When creating software, code alone is insufficient. There must be some text along with it to describe various aspects of it. This is generically called documentation, but it is more proper to distinguish between the various forms:
Code Documentation - This is what I think many programmers think of with the word documentation. This writing is highly technical and is mainly used to define and explain the API's and data structures. E.g., to spell out that the variable "m_name" refers to the first and last name of a person. Often, one will include this kind of documentation within the source code, thereby allowing a tool such as Doxygen to auto-generate the code documents. It is important for the code documents to be thorough, but not so verbose that it becomes difficult to maintain them. Code documents are often organized into a reference guide style, allowing a programmer to quickly look up an arbitrary function or class.
Programmers really like the idea of auto-generating documentation for various reasons. For example, because it is extracted from the source code itself (e.g., through comments), the programmer can write it while referring to his code, and can use the same tools he used to create the source code, to make the documentation.
Of course, a downside is that only programmers can edit this kind of documentation, and it depends on them to refresh the output (for example, by running a cron job to update the documents nightly.) Some would characterize this as a pro rather than a con. ;-)
User Documentation - unlike code documents, user documents are far divorced from the source code of the program, and instead simply describe how it is used. (In the case of a software library, the code documents and user documents could be effectively equivalent and are worth conjoining, but for a general application this is not true.) The user documents would describe each feature of the program, and the various steps required to invoke it. A good user document would also go as far as to provide thorough troubleshooting assistance. It is very important for user documents to not be confusing, and for them to be up to date. User documents need not be organized in any particular way, but it is very important for them to have a thorough index. Consistency and simplicity are also very valuable.
Design Documentation - Unlike code or user documentation, design documents tend to take a much more broad view. Rather than describe how things are used, this type of documentation focuses more on the 'why'. For example, in a design document, a programmer would explain the rationale behind organizing a data structure in a particular way, or would list the member functions of a particular object and how to add new ones to the code. It explains the reasons why a given class is constructed in a particular way, points out patterns, and even goes as far as to outline ideas for ways it could be done better, or plans for how to improve it later on. None of this is appropriate for code documents or user documents, but it is important for design.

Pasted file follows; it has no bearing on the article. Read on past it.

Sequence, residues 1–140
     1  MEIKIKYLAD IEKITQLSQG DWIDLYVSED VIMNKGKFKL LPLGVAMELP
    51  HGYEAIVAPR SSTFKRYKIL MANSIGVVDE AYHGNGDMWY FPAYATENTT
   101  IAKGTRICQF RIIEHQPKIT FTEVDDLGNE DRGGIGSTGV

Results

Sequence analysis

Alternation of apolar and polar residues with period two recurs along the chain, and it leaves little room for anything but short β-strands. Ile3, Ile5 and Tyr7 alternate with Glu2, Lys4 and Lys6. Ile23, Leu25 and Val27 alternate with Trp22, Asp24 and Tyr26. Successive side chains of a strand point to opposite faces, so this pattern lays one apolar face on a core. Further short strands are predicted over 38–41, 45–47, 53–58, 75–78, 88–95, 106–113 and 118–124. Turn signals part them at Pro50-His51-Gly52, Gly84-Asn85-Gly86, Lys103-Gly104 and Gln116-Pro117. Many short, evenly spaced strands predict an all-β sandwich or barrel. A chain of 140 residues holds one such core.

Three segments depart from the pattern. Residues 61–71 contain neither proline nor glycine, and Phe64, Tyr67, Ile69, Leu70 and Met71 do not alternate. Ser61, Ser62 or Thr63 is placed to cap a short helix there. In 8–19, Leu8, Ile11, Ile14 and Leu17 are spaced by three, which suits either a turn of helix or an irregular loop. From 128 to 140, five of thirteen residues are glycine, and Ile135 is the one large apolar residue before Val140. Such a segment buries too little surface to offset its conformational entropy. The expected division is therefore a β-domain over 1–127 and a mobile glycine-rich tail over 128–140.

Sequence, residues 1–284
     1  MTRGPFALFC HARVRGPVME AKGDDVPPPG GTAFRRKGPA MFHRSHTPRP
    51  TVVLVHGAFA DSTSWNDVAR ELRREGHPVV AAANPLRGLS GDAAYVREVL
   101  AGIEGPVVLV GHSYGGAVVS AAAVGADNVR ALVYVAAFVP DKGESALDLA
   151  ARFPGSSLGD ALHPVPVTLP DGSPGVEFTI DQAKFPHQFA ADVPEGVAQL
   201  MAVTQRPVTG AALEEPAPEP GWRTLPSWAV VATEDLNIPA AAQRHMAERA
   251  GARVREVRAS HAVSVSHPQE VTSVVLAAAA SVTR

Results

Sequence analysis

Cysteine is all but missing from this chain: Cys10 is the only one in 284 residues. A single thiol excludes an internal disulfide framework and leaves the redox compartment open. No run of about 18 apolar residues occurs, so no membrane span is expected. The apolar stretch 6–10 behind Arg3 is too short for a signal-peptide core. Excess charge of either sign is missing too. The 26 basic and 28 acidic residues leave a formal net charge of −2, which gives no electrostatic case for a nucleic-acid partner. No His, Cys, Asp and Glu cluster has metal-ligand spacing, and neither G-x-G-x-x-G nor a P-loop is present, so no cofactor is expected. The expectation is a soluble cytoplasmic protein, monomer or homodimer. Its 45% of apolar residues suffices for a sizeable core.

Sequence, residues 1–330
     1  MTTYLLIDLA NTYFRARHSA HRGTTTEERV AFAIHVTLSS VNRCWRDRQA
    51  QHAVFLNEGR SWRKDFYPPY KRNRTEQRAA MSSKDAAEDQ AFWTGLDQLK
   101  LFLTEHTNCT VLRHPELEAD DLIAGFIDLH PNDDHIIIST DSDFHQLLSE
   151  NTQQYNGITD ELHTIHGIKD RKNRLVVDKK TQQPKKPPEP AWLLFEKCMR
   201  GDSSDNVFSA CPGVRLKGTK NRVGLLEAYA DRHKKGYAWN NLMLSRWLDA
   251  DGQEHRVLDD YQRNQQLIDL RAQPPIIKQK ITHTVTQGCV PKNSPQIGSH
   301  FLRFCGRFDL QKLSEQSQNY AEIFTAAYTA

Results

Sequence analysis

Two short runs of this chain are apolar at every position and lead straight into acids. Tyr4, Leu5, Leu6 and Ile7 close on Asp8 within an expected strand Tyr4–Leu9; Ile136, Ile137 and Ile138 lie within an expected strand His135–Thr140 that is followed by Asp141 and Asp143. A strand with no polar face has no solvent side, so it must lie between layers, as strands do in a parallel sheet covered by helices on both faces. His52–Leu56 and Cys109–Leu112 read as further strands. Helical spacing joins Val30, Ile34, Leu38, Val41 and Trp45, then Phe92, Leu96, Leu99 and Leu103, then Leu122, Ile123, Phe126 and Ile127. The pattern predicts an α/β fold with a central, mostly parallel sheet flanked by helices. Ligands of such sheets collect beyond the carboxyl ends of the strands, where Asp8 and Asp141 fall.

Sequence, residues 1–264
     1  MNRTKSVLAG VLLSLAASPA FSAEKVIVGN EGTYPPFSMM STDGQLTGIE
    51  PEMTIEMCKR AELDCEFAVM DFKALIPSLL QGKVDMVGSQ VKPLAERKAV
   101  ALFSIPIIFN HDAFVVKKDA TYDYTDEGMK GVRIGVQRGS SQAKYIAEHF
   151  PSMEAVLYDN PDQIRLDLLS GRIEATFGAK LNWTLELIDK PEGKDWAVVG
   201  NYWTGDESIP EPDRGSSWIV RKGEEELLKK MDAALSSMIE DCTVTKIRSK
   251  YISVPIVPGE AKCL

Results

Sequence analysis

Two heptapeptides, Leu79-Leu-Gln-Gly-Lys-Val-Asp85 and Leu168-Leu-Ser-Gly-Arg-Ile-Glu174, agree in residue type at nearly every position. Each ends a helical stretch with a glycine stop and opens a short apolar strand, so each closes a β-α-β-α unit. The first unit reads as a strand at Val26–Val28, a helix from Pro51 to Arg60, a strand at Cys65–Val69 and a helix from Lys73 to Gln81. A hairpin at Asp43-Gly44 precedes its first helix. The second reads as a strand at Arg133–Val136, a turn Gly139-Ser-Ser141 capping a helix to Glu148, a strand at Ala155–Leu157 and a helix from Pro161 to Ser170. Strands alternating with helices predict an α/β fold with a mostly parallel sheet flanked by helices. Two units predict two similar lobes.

Architecture Documentation - This is a special breed of design documents. In a way, architecture documents are third derivative from the code (design documents being second derivative, and code documents being first.) Very little in the architecture documents is specific to the code itself. These documents do not describe how to program a particular routine, or even why that particular routine exists in the form that it does, but instead merely lays out the general requirements that would motivate the existence of such a routine. A good architecture document is short on details but thick on explanation. It may suggest approaches for lower level design, but leave the actual exploration trade studies to other documents.
Trade Study Documentation - Another breed of design docs is the comparison document. This would often take the form of a whitepaper. It focuses on one specific aspect of the system and suggests alternate approaches. It could be at the user interface, code, design, or even architectural level. It will outline what the IS situation is, and describe one or more alternatives, and enumerate the pros and cons of each. A good trade study document is heavy on research, expresses its idea clearly (without relying heavily on obtuese jargon to dazzle the reader), and most importantly is impartial. It should honestly and clearly explain the costs of whatever solution it offers as best. The objective of a trade study is to divine the best solution, rather than to push a particular point of view. It is perfectly acceptable to make no conclusion, or to conclude that none of the alternatives are sufficiently better than the baseline to warrant a change. It should be approached as a scientific endeavor, not as a marketing technique.
Marketing Documentation - On the flip side of trade study docs, for many applications it is necessary to have some promotional materials to encourage casual observers to spend more time learning about the product. This form of documentation has three purposes: First, to excite the potential user about the product and instill in them a desire for becoming more involved with it. Second, to inform them about what exactly the product does, so that their expectations are in line with what they will be receiving. And third, to explain the position of this product with respect to other alternatives. One good marketing technique is to provide clear and memorable catch phrases that exemplify the point we wish to convey, and also emphesizes the feelings the product conveys in addition to the cold facts about it. Good marketing documentation builds a strong loyalty from the user for the product.